“The Department recognises its supplier management has been weak, risking value for money. Four main suppliers – Accenture, IBM, Hewlett Packard and British Telecom – have provided IT systems for Universal Credit, and by March 2013 the Department had paid them £265m out of the £303m spent with suppliers on IT systems.
“In February 2013 the Major Projects Authority found no evidence of the Department actively managing its supplier contracts, resulting in suppliers being out of control and financial controls not being in place. The Department has yet to provide a comprehensive assessment of how much of this expenditure has proved nugatory, although the Major Projects Authority believes it will be a substantial figure running into hundreds of millions of pounds.”
Lack of oversight
The lack of oversight allowed the Department’s Universal Credit team to become isolated and defensive, undermining its ability to recognise the size of the problems the programme faced and to be candid when reporting progress…
“Oversight has been characterised by a failure to understand properly the nature and enormity of the task, a failure to monitor and challenge progress regularly, and a failure to intervene promptly when problems arose.
“Senior managers only became aware of problems through ad hoc reviews, mostly conducted by external reviewers, as inadequate management information and reporting arrangements had not alerted them that things were amiss.
“Given its huge importance to the Department, the Accounting Officer [Robert Devereux] and his team should have been more alert to identifying and acting on early warning signs that things were going wrong with the programme
Blinkered culture remains?
“Risk was not well managed and the divergence between planned and actual progress could and should have been spotted and acted upon earlier. The Department only reported good news and denied the problems that had emerged. The risk of a similarly blinkered culture remains as the Department will be working to tight timescales to get the programme back on track.”
“It is extremely disappointing that the litany of problems in the Universal Credit Programme were often hidden by a culture prevalent in the Department which promoted only the telling of ‘good news’.
“For example, officials were aware that a critical report highlighting many of these issues had been discussed internally for months. Indeed, there are real doubts over when officials became aware of these problems and it is difficult to conceive, based on the evidence we were presented with, that officials within the Department did not know of them before July 2012.”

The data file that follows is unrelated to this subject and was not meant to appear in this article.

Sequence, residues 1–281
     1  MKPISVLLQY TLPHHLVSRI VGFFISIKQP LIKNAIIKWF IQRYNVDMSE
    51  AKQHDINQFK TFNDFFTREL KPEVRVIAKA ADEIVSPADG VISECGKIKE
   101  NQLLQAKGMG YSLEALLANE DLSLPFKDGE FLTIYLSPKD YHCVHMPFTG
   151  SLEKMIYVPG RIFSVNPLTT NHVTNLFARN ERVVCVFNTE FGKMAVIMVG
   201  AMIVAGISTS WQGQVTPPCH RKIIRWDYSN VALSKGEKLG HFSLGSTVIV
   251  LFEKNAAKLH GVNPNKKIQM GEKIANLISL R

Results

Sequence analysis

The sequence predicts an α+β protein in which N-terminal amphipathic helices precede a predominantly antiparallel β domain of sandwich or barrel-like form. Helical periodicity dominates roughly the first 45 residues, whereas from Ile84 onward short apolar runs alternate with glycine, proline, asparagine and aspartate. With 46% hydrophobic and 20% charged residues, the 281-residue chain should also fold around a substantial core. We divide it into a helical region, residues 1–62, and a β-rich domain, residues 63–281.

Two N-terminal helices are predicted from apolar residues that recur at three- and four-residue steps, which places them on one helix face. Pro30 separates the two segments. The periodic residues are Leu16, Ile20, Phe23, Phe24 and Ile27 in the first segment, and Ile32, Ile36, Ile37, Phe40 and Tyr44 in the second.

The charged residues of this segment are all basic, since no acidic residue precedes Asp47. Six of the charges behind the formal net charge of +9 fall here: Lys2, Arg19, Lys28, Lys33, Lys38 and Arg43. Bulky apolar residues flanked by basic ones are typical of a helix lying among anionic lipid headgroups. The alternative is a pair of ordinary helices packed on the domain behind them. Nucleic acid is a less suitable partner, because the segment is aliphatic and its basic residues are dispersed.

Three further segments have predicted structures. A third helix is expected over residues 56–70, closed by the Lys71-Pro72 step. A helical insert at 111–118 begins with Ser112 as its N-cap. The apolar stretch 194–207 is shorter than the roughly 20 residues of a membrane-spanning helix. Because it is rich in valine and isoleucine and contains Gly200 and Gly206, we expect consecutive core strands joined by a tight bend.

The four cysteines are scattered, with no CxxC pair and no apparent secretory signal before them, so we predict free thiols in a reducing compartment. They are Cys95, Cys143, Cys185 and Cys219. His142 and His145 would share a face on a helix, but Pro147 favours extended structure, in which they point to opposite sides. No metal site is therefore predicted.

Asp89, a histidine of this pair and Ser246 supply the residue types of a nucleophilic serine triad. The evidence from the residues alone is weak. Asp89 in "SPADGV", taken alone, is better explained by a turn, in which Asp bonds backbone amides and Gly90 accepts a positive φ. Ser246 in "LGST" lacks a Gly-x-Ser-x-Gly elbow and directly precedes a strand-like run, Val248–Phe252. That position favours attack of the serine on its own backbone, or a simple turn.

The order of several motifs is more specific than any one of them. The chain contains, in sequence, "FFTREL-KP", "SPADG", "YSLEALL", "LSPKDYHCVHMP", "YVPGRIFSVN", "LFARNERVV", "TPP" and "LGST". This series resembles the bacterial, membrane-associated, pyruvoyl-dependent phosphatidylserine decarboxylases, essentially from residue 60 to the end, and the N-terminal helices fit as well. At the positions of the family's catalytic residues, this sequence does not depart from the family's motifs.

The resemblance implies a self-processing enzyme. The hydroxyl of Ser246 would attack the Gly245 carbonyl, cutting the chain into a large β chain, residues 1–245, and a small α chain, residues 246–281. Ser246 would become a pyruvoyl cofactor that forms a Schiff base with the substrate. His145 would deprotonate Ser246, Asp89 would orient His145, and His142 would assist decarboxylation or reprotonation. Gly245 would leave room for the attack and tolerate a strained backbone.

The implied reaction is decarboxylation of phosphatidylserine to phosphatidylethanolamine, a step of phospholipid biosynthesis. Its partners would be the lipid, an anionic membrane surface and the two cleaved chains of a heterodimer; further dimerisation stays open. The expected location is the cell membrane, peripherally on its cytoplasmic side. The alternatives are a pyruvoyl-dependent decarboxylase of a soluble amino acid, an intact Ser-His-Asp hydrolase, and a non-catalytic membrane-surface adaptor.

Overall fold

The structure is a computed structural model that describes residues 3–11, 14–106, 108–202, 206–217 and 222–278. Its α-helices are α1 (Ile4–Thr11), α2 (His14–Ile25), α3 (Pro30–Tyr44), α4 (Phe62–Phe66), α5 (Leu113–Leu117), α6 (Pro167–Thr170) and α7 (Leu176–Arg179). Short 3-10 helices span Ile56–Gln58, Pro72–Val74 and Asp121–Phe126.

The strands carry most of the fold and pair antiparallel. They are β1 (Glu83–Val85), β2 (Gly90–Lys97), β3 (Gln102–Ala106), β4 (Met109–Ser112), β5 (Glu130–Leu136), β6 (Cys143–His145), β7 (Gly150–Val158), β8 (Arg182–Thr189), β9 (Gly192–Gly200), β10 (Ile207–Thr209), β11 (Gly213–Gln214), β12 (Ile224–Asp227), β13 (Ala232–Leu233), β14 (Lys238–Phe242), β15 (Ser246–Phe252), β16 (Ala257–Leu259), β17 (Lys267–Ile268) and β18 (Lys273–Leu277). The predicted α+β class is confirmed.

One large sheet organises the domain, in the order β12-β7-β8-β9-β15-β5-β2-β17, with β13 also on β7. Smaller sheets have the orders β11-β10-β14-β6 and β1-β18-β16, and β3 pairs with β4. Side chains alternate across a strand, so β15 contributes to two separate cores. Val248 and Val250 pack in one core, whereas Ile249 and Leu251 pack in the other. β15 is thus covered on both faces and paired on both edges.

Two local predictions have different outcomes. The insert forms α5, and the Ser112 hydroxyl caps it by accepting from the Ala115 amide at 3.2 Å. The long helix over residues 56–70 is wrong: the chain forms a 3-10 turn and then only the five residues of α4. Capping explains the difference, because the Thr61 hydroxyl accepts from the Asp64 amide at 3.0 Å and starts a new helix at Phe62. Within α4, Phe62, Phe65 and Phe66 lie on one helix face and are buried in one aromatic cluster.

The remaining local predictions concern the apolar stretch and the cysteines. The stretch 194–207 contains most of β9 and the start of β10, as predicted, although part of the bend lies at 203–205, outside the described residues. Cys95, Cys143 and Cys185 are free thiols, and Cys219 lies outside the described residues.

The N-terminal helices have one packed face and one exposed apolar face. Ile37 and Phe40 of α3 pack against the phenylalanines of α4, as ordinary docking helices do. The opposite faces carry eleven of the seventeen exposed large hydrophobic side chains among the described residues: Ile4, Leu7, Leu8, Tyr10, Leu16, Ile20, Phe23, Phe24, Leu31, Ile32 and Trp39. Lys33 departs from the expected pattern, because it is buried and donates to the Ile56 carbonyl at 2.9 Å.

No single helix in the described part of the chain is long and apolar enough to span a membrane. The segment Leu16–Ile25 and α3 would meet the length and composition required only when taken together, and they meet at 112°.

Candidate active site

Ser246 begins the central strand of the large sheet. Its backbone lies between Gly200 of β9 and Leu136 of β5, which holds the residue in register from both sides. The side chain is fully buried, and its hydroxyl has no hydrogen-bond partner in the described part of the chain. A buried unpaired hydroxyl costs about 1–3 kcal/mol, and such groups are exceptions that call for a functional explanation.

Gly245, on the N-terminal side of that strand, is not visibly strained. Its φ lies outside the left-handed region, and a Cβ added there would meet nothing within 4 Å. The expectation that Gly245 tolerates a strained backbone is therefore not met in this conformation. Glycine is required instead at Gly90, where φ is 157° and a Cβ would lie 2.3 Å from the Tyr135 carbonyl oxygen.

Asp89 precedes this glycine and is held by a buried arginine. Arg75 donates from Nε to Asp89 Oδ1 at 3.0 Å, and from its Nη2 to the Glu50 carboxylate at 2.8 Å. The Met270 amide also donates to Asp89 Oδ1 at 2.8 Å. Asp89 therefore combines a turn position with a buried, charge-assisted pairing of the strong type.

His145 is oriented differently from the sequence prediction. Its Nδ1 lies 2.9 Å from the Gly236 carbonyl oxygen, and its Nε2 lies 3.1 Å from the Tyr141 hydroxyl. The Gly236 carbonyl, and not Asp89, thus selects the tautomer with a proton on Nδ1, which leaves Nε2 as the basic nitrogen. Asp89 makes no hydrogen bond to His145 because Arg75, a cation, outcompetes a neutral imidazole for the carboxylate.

Shocking absence of financial and other controls
“There has been a shocking absence of financial and other internal controls and we are not yet convinced that the Department has robust plans to overcome the problems that have impeded progress.”
Did the DWP do anything well?
“The Department initially adopted a piecemeal approach to delivering the programme.
“In 2011 it identified over a hundred different types of users for Universal Credit, and initially sought to design IT solutions for each set of circumstances individually. It was only in early 2012 that the Department decided to stand back and try to establish a clearer picture of what the programme’s overall shape might look like.
“During the summer of 2012 the Department became aware of the problems that Universal Credit faced. It was first alerted by concerns raised in a supplier-led review, commissioned by the Secretary of State, which reported in July.
“The Department subsequently established that the programme’s progress was stalling because there were a number of unresolved issues which had become intractable, particularly relating to the level of security needed for identity assurance and protection against fraud and error and cyber-attack.